Those two words summarized the status of the University of Hawaii football team’s quarterback and offensive leader Cole McDonald following Tuesday’s two-hour practice at the Ching Athletic Complex field.
An undisclosed injury kept McDonald from playing in Saturday’s 17-13 victory over Wyoming at Aloha Stadium. But McDonald, dressed in full uniform, competed in all the team drills on Tuesday. He is expected to start Saturday at Brigham Young.
“It feels good,” McDonald said. “It’s nice to be out with the boys and throwing again.”
McDonald, who threw 24 touchdown passes against two interceptions in the Rainbow Warriors’ first six games, said it was difficult to not play.
“It was so hard for me,” McDonald said. “I like being out on the field with the boys playing ball. That’s what I’m out here to do. I don’t think there’s anything better than having that camaraderie with the guys on the field, and just winning games. That’s what I find the most memorable.”
McDonald said it was a “game-time decision” not to play.
“I just couldn’t get ready,” McDonald said. “My body needed some more time. So that’s what we decided.”
McDonald, a third-year sophomore, spent the game offering tips to true freshman Chevan Cordeiro, who was playing in his first UH game.
“I’ve been there,” McDonald said of the first-game experience. “I know how it feels. I just tried to help him out as much as I could. … I was there to cheer the guys on. I was happy for them and their accomplishments and what they did in that game. It was really fun.”
Quarterbacks coach Craig Stutzmann said McDonald “knows this is his team. He’s the starter. He was confident in being able to really help Chevan throughout the game.”
Cordeiro threw the decisive 38-yard scoring pass to JoJo Ward to boost the Warriors to 6-1 overall and 3-0 in the Mountain West.
“To be able to know you have two good (quarterbacks) that you can win any game with, it’s invaluable,” Stutzmann said. “Now you have video evidence. It’s great, not just for (Cordeiro) or the coaching staff, but, really, the whole team. No matter who we go in with — and we preach it all the time — it’s the next man up, and he was the next man up.”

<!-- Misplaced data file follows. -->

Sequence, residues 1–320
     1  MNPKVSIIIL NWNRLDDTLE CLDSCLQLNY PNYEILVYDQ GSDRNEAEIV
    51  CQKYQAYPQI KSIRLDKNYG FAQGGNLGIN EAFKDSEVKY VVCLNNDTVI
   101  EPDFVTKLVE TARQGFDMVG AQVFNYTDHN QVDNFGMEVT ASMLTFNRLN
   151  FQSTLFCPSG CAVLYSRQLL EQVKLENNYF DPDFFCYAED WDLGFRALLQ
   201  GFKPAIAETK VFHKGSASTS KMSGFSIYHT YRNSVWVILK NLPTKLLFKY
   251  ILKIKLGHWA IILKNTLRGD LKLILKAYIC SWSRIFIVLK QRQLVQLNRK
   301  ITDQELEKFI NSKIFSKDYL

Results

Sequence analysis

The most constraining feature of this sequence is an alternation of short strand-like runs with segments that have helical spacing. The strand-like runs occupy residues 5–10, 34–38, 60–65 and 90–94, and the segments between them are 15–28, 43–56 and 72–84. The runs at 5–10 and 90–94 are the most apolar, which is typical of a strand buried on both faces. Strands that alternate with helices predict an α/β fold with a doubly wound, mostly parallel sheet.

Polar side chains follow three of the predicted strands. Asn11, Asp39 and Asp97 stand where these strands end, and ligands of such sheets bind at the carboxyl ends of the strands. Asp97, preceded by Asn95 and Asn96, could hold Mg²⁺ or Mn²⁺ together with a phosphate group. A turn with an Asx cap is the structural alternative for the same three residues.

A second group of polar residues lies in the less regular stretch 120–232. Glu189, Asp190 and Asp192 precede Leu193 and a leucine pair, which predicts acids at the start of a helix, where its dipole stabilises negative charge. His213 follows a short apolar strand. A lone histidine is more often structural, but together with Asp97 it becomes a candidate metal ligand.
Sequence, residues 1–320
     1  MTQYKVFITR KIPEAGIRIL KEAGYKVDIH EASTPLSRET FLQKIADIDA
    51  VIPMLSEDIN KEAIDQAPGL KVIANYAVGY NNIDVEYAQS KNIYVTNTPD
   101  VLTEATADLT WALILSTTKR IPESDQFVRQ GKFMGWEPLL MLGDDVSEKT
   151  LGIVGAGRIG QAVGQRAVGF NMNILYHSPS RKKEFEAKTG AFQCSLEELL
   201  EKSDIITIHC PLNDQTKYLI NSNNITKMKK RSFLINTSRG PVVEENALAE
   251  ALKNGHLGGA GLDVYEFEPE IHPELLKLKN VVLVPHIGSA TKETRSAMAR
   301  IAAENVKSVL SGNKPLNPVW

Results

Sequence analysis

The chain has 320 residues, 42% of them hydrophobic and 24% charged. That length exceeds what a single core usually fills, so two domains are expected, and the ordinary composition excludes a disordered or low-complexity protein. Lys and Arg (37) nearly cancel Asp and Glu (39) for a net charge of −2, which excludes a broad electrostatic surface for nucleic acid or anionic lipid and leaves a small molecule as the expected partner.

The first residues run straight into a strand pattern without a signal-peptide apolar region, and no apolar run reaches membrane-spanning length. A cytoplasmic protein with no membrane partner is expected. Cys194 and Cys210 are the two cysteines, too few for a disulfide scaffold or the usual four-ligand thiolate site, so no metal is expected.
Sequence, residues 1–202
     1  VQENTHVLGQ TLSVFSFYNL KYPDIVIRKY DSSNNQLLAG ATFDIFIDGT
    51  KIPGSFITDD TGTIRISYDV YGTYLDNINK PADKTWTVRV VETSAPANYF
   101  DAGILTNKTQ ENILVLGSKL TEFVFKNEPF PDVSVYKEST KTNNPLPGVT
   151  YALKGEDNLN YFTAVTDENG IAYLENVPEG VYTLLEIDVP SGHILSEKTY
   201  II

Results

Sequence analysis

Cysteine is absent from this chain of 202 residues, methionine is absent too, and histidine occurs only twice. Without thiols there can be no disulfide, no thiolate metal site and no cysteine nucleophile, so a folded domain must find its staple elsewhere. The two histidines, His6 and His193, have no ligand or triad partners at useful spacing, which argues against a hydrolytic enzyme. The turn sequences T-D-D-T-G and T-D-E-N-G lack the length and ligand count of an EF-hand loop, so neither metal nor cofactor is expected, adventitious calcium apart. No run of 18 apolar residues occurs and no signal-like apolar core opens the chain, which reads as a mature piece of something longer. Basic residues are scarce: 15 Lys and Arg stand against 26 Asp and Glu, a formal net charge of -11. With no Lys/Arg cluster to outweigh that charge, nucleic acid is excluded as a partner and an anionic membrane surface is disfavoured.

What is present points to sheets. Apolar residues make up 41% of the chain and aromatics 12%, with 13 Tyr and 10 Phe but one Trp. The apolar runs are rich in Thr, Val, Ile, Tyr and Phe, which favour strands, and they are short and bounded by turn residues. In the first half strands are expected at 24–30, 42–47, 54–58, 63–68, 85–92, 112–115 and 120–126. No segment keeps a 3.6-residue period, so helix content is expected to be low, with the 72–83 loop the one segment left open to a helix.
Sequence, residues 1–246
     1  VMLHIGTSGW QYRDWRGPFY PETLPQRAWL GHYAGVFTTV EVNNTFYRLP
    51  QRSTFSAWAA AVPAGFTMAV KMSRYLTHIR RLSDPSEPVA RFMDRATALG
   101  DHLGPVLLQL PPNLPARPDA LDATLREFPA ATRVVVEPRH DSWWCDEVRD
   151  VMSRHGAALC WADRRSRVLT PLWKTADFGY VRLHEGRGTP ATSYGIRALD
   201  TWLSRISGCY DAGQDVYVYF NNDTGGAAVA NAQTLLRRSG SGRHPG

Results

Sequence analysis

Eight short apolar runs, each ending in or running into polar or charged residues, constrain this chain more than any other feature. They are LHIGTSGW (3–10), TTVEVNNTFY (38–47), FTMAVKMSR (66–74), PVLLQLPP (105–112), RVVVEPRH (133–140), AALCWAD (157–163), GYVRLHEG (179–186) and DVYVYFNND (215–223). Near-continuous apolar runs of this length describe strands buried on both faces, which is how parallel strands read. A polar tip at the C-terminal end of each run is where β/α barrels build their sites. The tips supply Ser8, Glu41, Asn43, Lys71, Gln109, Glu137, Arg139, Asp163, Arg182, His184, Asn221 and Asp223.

McDonald easily meshed with the first-team offense during Tuesday’s drills.
“He looked good out there,” Stutzmann said of McDonald. “There were some different wrinkles we tinkered with. The anticipation is still there. He threw the ball really well. He moved around really well. It’s nice to have him back.”
Stutzmann said McDonald and Cordeiro are part of a close-knit quarterback group that also includes Jeremy Moussa, Kolney Cassel, Justin Uahinui and Larry Tuileta. It was Cassel who wore McDonald’s No. 13 jersey to hide McDonald’s availability. The ruse worked so well it fooled the parents of Tennessee Titans quarterback Marcus Mariota, who sponsored 1,200 youths for the game.
“They were blown away when they found out that wasn’t Cole McDonald,” Stutzmann said. “They couldn’t stop laughing.”
Stutzmann said the quarterbacks often go out for meals together.
Sttuzmann said McDonald and Cordeiro have polar personalities, but “they get along very well. They’re like brothers. It’s like two puppies in our quarterback room. Sometimes you’ve got to tell them, ‘Hey, stop playing around with each other.’ They’re good friends and competitive friends, but they get along. That’s the main thing.
Maxwell watch list
McDonald has been added to the watch list for the Maxwell Award.
The award, which has been presented since 1937, goes to college football’s most outstanding player.
“That’s cool, I guess,” McDonald said. “I don’t know much about it. I don’t really look at awards. I focus on the team. I focus on the game.”
This season, McDonald has completed 65 percent of his passes for 2,100 yards and 24 TDs. He has been intercepted twice in 240 pass attempts.
“Stats don’t mean anything,” McDonald said. “The awards will come as long as the team is winning.”
The Warriors are 6-1 overall and 3-0 in the Mountain West heading into Saturday’s nonconference road game against Brigham Young.
“Quarterback is such a glorified position,” McDonald said. “It’s based on how everyone else is around you. If the O-line’s not good, I’m not going to have time to throw. If the receivers can’t get open, I have nobody to throw to. It’s just a testament to the team and how gifted and good these guys are around me, and how good they make each other and myself.”